Anti-Cancer Drug Causes Fingerprints to Disappear

A 62-year-old man from Singapore was detained at a United States airport customs for more than four hours after immigration officials could not detect his fingerprints.  During questioning, the man revealed that he has been taking Xeloda, a widely-used cancer drug whose side-effects include having the skin on the hands slough off, erasing his fingerprints in the process.

The detainee was eventually released when customs officials were satisfied that he was not a security threat.

Xeloda, also known for its generic name capecitabine, is a type of chemotherapy drug that has been used by many cancer patients.  However, taking the drug can cause a side effect called hand-food syndrome, wherein the palms of the hands and the soles of the feet turn red and itch.  In worse cases, the skin would blister and crack, as well as being unable to walk or hold anything in their hands.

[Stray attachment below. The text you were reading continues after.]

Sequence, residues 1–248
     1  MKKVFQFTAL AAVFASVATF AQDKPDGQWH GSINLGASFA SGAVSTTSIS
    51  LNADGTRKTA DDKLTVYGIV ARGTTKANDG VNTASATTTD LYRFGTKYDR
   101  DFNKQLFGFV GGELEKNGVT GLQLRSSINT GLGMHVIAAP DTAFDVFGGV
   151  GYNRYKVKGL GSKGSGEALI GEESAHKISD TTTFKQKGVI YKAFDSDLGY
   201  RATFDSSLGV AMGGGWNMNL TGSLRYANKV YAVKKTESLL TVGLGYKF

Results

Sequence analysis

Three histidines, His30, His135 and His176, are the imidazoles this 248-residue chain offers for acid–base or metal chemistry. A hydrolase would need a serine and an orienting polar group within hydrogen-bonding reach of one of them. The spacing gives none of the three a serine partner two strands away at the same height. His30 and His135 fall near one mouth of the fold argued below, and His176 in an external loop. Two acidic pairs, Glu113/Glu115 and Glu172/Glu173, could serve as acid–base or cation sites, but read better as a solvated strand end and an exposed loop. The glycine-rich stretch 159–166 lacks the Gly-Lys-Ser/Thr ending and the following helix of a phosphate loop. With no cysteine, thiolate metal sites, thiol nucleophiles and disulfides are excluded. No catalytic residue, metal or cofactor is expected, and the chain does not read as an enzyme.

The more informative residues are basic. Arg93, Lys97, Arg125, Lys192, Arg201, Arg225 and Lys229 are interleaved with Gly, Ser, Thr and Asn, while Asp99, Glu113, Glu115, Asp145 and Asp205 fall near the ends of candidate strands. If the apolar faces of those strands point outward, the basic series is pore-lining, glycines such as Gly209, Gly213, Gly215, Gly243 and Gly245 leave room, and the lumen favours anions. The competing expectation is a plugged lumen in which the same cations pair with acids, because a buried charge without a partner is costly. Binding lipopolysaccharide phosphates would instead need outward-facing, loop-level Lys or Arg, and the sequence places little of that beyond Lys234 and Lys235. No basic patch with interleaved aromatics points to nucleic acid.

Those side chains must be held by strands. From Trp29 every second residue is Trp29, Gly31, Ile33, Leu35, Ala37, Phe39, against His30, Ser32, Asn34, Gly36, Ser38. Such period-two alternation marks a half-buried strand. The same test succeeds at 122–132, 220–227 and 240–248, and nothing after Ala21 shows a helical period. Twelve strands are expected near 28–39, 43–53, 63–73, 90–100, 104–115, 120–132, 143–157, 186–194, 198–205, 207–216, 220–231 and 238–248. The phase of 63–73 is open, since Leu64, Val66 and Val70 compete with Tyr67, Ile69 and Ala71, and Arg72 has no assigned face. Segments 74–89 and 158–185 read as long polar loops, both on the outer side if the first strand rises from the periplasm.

But beyond these side-effects, Xeloda can also cause a person’s fingerprints to be erased, which can be a major obstacle when traveling to countries that require fingerprint identification such as the United States.  However, when the skin on the hands grows back, the fingerprints usually come out as well.  In the case of the detained cancer patient, however, having his fingerprints completely erased is rare.  In fact, people who have lost their fingerprints may not have realized it.

Although the cancer patient was released soon after, custom officials recommend him to bring a note from his oncologist the next time he traveled.


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